If people had sovereignty over their own living arrangements and access to land, nobody would ever go hungry or lose their homes because they lost their job or got sick. If land were accessible, homelessness wouldn’t be an issue. I don’t think hunger would be an issue. In this area, houses are going for an average of $850,000.
Bryce: Rich people coming from Toronto have pushed up the property values.
Misty: As house prices go up, it’s getting harder and harder for people to afford to live in rural areas. It’s a systemic thing. But our lifestyle takes the edge off all that survival-mode thinking, which is what allows us to feel this abundance mindset.
Speaking of abundance, we have a heck ton of eggs, so I’m making a potato quiche for lunch. Since we’ve had kids, we get one or two grocery deliveries per month. We buy organic fruit for the girls because that’s their treat. We’ve stopped doing catering gigs, for the most part. We pay for everything with the $29 a month we get from our Patreon account and $14,000 a year from the Canada child benefit.
Girls, come to the table for lunch. Aurora is our youngest.
Aurora: I’m 5! All the animals are my favourite.
Sage: I’m 7! I love our food—it’s perfect.
Misty: We like to say a blessing before we eat.
All: May we together bless this food. May we all receive its full benefit, nutritionally and spiritually. May we savour its taste and make full use of the energy it provides. May we in turn feel blessed that we may share this energy in good company and good health.
Misty: The girls love to forage. They’re homeschooled, and last year we did a unit on medicinal herbs. One day, I got injured after falling off a horse. Before I could even hobble to a spot to sit down, Rory went to the garden and picked me some medicinal herbs.
Most of what we do is unschooling, which means that we do our schooling in real-time, all day long, not at a desk. We do a Waldorf approach, so we sit at a desk only for the purposes of writing—we’re currently using Brain Quest notebooks—or doing artwork, and the rest of the education happens in real life. Their biology lesson happens out on the farm. The French lessons happen in conversation when our French-speaking friends visit. Cooking lessons happen in the kitchen. The girls are presently in kindergarten and Grade 1.
I think a lot of people are like, “Oh, homeschool. Oh, alternative lifestyle. You’re sheltering.” No, our friends have kids and we get invited to a lot of things. The girls go to birthday parties and festivals in the community. We also volunteer with a local Waldorf school, and we’ve had the class out many times to learn skills. It’s traditional for Waldorf schools to have a bread oven made of cob, so because our kids have been around cob so much, they taught their kindergarten peers all about it and made a lot of friends that way.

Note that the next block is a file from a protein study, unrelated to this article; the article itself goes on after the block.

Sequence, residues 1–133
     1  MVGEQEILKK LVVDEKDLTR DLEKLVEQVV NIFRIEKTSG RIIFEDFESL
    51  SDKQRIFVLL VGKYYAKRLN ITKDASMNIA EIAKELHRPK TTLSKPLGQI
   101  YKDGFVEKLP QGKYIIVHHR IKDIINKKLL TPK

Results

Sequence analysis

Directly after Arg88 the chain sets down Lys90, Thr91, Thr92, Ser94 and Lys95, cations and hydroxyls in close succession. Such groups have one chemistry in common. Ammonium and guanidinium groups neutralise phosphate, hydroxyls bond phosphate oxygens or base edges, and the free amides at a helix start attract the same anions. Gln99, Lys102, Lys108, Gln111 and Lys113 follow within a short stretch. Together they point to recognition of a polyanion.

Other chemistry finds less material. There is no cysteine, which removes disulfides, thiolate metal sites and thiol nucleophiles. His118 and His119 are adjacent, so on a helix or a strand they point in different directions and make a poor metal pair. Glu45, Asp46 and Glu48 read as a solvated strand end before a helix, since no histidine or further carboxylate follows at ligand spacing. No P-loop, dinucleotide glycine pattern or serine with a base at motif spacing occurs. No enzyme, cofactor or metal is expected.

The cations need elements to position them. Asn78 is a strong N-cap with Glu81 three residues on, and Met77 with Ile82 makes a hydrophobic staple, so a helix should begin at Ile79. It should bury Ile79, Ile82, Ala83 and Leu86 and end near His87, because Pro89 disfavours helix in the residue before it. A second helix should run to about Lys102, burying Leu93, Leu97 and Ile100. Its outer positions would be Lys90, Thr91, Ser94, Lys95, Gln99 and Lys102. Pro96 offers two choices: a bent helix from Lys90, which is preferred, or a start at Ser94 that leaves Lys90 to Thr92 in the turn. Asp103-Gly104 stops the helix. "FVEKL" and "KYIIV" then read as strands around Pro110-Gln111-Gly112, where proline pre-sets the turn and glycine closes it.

For now, they like being here. And they like this lifestyle. If all they learn is how to do this, I feel like they’re prepared for the world. If next year Aurora says she wants to go to school, we’ll send her to school. It’s her choice.
YouTube is like our TV. When the girls do their schoolwork or they do a good job in the garden or whatever, they get video points, and they can have a YouTube video for their video points. They love musicals.
Bryce: On our YouTube channel, called Ontario Permaculture, we did a video called “Fantastic Feasts and Where to Find Them.” We taught the girls about foraging for wild leeks.
Misty: I think a lot of the people who are getting into sustainable living don’t have access to the same amount of leisure time or research skills that we had early on, so we try to fill that niche with our YouTube channel. We get so many questions: How can I grow my own food in a small space? How can I make my lifestyle more sustainable if I don’t have access to land? What are some steps I can take to prepare myself for off-grid living? There are these people who say, “I’d love to do permaculture, but I’m in Toronto in an apartment building. What can I do?” And we tell them it’s not about the practices; it’s the mindset. How can you eliminate waste?
For 11 years, I’ve been writing openly about our house for the local paper, BizBull, which is free and delivered to mailboxes in this region. In 2018, I wrote about the west wing addition and I mentioned a mud and straw basketweave that we add to the cob as infill. A few months later, I have a toddler on one hip and a baby on a boob, and I see four men at the end of our driveway. The road was blocked by their parked cars. It was a bit terrifying because one of them looked like he was in uniform.
Bryce: I went down there to talk to them, and these four guys were like, “We’re here to do an inspection of your home. We hear that you’ve got something going on back here.” And I’m like, “We’ve got the place where we live and you might want to call it a building, but it’s not that.” Because, as the Southgate Township official told us before we built our house, the 10-by-10 structure was not a building under the law. And our additions wouldn’t need a permit either because you can’t add on to something that isn’t legally a building. But the officers were like, “That’s for us to decide.”